This Author Spotlight came about when a potential English major asked a reasonable question at an English major reception: "So do any of you do anything? Like write?" To which I immediately raised my hand and uttered the fateful words: "The third volume of my vampire trilogy just came out." Of course, I was then pressed upon to tell more. Any Book 3 requires divulging the whole story: Book 1 and 2, the impetus for the entire story, etc. That led to several other questions. 

My colleagues knew about the first book, A DRY PATCH OF SKIN, because it had been reviewed in the local newspaper, The Oklahoman, as part of a short list of Halloween-themed books. As it was set in Oklahoma City where I live and work made it all the more topical. It garnered enough curiosity, in fact, that the STEM-obsessed Dean of our Arts & Sciences School, mentioned it at an all-faculty meeting, even holding up a copy for all to see - as I slunk in my seat to keep out of view (the introvert thing). I then wrote two other books, unrelated to the vampire genre, and thought I was finished with vampires.

But the ending nagged me. I had to know what happened next, having ended the story in 2014. By the time I got the idea of what would happen next, it was already 13 years in the future in the story and 3 years in my real life. With a vampire as the main character and narrator, there were only two ways I could go with the continuation: treat him as a vampire, ugly and miserable, scraping by on the blood of peasants, or have him fit in somehow with polite society. Either could have been an interesting discourse, but I chose the latter and Book 2 was born: SUNRISE.

In the first book, I allowed my protagonist, Stefan Szekely, to get into conversations with God, who he jokes about initially then comes to blame for his worsening affliction. Thinking he has made a deal with God, he discovers to his horror that God has backed out on the deal, leaving him to his fate. In the second book, Stefan still converses with God - or believes he does - but it is a mocking diatribe this time, no longer taking God as a kindly grandfather but a spiteful menace. In SUNSET, the third book, when the situation demands another bargain be struck, Stefan believes it is being made with God. Unfortunately, it is with God's number one interloper, Lucifer, who sees the potential in him. In the third book, that potential is realized, much to the world's chagrin. Chaos and cruelty reign!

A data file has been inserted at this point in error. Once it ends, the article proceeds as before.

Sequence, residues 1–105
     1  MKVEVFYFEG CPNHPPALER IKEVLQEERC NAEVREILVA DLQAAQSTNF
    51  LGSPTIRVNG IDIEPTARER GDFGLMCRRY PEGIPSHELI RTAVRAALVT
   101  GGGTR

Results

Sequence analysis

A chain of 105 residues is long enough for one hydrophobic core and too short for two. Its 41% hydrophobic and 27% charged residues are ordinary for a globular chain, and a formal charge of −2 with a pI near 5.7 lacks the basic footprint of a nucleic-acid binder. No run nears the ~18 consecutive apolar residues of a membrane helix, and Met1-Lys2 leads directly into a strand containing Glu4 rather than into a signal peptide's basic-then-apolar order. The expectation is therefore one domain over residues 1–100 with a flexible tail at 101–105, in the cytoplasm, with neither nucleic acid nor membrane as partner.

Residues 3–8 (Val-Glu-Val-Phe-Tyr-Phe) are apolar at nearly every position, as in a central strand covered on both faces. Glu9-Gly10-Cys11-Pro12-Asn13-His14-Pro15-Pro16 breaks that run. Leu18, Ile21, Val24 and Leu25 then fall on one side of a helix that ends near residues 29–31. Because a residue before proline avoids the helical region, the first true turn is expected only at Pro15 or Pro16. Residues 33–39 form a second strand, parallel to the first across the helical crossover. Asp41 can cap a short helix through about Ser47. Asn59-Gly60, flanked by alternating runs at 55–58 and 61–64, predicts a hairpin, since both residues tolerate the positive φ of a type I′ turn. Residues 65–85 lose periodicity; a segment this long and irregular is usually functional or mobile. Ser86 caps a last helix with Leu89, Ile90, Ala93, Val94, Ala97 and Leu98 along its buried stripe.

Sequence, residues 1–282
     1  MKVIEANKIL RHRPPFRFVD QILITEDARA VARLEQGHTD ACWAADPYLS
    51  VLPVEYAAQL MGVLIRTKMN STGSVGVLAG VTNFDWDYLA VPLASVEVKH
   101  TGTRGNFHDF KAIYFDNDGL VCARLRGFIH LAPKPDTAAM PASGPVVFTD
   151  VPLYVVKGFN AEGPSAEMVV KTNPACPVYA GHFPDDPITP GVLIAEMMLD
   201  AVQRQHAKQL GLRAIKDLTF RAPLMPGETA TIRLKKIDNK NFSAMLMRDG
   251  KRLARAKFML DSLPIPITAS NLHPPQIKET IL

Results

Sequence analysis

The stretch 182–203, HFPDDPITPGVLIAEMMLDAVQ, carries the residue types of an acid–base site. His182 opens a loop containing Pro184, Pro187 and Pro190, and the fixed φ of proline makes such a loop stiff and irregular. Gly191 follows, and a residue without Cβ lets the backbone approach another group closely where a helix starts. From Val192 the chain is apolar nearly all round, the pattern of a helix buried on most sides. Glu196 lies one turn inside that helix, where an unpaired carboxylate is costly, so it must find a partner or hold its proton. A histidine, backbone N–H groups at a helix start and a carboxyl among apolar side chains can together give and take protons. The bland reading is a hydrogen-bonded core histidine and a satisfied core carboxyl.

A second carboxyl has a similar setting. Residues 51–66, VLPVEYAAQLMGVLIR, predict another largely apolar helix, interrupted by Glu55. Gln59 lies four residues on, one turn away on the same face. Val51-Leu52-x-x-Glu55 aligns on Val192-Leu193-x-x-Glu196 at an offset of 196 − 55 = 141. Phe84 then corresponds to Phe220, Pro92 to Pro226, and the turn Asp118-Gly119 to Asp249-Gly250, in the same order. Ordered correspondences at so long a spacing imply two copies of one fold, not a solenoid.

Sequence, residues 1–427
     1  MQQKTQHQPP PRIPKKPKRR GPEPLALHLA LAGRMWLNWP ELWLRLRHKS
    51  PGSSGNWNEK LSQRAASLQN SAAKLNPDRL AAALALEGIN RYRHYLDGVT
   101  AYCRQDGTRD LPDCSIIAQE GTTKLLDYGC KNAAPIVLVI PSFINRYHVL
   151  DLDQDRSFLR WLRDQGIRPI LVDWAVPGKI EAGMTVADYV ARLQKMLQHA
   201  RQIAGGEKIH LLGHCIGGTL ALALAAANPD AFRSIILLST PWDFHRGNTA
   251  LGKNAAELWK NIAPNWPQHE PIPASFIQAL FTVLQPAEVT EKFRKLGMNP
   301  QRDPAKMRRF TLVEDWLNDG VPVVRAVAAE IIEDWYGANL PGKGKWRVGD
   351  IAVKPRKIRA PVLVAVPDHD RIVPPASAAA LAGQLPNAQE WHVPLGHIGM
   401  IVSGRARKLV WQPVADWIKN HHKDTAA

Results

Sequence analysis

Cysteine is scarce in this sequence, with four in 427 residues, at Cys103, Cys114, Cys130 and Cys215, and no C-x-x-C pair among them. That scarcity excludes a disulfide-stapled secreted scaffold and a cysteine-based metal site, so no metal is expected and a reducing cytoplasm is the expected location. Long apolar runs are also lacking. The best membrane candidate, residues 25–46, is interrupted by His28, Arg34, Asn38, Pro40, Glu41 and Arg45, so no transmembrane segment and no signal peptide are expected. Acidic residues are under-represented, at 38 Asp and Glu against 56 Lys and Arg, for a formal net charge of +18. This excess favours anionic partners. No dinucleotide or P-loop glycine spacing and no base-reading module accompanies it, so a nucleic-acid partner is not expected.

Now, when pressed upon to be the featured guest at this campus function designed around a book series, I was immediately concerned with our well-discussed conundrum of our students disdaining reading long passages and how I might get students interested in reading my books. Of course I will read a short scene from each of the three books, something stand-alone and interesting in itself. There is a great deal of dark humor, irony and sarcasm in the telling of the story, so I worry they would not see it as a dramatic tale of man becoming vampire becoming holy terror personified. No monsters leap out of closets. Since part of the story is set in Oklahoma, I shall read one scene set there which involves our hero, Stefan, and a lowly grave digger - thereby allowing me to use my well-trained voice to affect the Okie accent. I may otherwise use my vampire voice while reading other parts. I've mastered how to speak the classic phrase: "Good Eeeeeving."

Other than reading short passages and telling how I got the idea for the books, I will likely talk a bit about my childhood interest in reading and writing. Then I should segue into how they should be writing something, starting with events in their own lives - perhaps change the names and call it a story. I want to get them to see the potential they have in expressing themselves. Sure, they can make videos, come up with songs and spoken-word poetry, share raps, but those are all short-form expressions. Can they create an extended form with a complex, layered narrative? I will challenge them. Perhaps my inspiring words will translate into better classroom productivity. Who knows?

Lastly, I shall take questions from the audience. I have no idea what they may wish to know. I will have explained much already, so . . . I must be ready for anything. I must deflect any questions about the Penny Park (pseudonym!) affair recounted in Book 1. Hopefully, I shall be done with the session before my glucose drops and my head goes foggy and my voice cracks. It is the author's equivalent of a marathon. And I have not been training much. The only thing that might save me, give me an edge, is that I will know some of the audience already. The other saving grace is that I sure do love to talk about myself!

(C) Copyright 2010-2019 by Stephen M. Swartz. All Rights Reserved. No part of this blog, whether text or image, may be used without me giving you written permission, except for brief excerpts that are accompanied by a link to this entire blog. Violators shall be written into novels as characters who are killed off. Serious violators shall be identified and dealt with according to the laws of the United States of America.

24 March 2019

The Future of Vampire Stories (a continuing resolution) Part 2